In three days, the holiday most celebrated universally will have come and gone. Some persons would have prepared for Christmas early, others are still in the throes of preparation – cleaning, painting, polishing, decorating, cooking, baking, shopping – and for some all of this will continue until Saturday morning. For most of us, a huge part of Christmas is the giving and sharing. Gifts gaily wrapped in bright paper, stuffed into holiday-themed gift bags, some wildly expensive, some mere tokens will be given and received. It’s the time of the year too when charity abounds. The homeless, orphans, children in difficult circumstances, the elderly and causes usually receive from all quarters, never mind if for the entire year just past they were invisible people.
Invisible people like the sick woman who lay tucked into the corner of Hadfield Street and Mandela Avenue for some time on Saturday last as scores of other humans whizzed past in buses and cars, on motorcycles and bicycles and on foot until one finally stopped. A call was made to the relevant authorities with a plea that she be taken to the hospital. On Sunday, a dead body fitting the description was found in another section of town, close to the Georgetown Public Hospital. The facts are not known, but one can surmise that the woman might have been taken to the hospital and subsequently managed to creep away, or she might have been left in the vicinity of the hospital.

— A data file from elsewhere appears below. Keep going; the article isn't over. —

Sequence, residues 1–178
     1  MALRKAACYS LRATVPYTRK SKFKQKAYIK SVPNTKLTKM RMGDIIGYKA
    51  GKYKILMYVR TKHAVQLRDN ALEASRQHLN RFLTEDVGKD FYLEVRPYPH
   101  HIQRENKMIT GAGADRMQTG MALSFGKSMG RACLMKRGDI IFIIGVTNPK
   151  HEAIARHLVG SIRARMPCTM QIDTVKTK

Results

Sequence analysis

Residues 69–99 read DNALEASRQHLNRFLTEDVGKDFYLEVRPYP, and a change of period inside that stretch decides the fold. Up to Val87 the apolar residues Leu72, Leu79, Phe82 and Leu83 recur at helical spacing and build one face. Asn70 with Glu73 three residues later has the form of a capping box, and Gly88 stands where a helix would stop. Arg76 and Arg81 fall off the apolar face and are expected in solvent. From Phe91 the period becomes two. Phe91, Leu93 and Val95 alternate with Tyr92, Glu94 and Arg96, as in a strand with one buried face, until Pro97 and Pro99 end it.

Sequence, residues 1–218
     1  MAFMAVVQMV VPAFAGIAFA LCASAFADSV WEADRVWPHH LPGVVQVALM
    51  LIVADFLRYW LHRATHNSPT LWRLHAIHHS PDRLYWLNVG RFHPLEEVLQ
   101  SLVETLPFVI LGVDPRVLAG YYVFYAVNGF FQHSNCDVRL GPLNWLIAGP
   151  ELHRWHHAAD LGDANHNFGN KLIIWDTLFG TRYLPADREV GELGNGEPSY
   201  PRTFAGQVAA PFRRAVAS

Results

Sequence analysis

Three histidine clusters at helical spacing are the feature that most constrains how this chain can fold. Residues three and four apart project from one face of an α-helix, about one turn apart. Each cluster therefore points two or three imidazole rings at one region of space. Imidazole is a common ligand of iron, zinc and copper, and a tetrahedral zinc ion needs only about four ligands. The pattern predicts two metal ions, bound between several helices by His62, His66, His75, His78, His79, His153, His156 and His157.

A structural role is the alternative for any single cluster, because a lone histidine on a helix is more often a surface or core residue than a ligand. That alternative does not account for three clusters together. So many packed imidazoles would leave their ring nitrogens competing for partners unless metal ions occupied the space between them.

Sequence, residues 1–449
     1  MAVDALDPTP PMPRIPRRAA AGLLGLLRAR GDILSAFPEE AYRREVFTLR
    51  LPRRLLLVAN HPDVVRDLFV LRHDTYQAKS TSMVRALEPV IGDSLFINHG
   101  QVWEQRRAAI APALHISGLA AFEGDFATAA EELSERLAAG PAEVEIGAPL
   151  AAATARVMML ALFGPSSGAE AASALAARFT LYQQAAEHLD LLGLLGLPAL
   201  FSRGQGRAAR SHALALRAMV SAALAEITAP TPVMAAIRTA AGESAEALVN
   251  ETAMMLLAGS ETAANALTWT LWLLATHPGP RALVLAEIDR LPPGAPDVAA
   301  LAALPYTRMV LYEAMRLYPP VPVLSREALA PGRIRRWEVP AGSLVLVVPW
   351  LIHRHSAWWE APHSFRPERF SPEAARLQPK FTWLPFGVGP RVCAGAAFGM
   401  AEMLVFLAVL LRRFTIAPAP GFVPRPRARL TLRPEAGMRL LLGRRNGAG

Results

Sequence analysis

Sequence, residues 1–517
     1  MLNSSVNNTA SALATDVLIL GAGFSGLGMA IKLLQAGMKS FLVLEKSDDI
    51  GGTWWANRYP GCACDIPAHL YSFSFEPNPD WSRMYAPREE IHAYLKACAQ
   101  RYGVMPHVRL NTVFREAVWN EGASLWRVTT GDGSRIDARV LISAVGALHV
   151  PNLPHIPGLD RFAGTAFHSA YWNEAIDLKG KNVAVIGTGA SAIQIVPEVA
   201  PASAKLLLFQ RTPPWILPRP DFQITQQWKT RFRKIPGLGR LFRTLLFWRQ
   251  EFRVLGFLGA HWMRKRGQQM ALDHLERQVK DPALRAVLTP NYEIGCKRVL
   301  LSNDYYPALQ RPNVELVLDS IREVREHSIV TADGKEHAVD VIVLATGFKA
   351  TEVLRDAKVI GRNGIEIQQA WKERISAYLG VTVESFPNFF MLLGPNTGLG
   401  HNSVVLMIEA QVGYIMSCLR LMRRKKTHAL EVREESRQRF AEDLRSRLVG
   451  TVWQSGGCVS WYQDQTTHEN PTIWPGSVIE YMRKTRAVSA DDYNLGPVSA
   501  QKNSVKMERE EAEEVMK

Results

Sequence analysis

On Tuesday, another body – that of a homeless man – was found in a yard at Plantain Walk, West Demerara with a head wound. There have been several other instances where destitute persons simply keeled over and died from whatever ailed them; others have died by misadventure.
Then there are the living invisibles – adults and children who walk about begging or the drug addicts with their dirty, menacing looks. Some of these are usually rounded up and removed from the public’s eye whenever Guyana hosts international events, but their very existence is otherwise mostly ignored. A walkabout in downtown Georgetown right now would reveal – for those who have eyes to see that is – that they are still very much a part of the landscape. In fact, their numbers seem to have increased, possibly because the absent-minded handouts they receive would have also increased in keeping with the season.
Of course this is not a situation that is unique to Guyana; homeless persons exist the world over. Our predicament appears to be the lack of a cohesive plan to deal with our various categories of destitute people. The Night Shelter in the city was expanded in August this year. It now caters for 250 persons who are homeless and indigent and its facilities include a bus service which transports them to the shelter where they can take advantage of the services – meals, medical check-ups and 24-hour accommodation.
Some time ago in recognition that the need was greater than the service currently on offer, government announced that it would build a US$2 million shelter at Onverwagt, West Coast Berbice. An agreement was duly signed in November last year with the Venezuelan government, which is funding the building of the shelter. At the time it was stated that work would have started by December and the scheduled completion date was August this year, which has come and gone with nary a word from the authorities. Instead, in August, the East La Penitence shelter was expanded. Meanwhile, homeless people continue to sleep on city streets, beg and steal. The city’s Christmas cleaning did not seem to include their removal to somewhere out of sight this year. But perhaps it’s not yet done; perhaps in time for the Main Big Lime.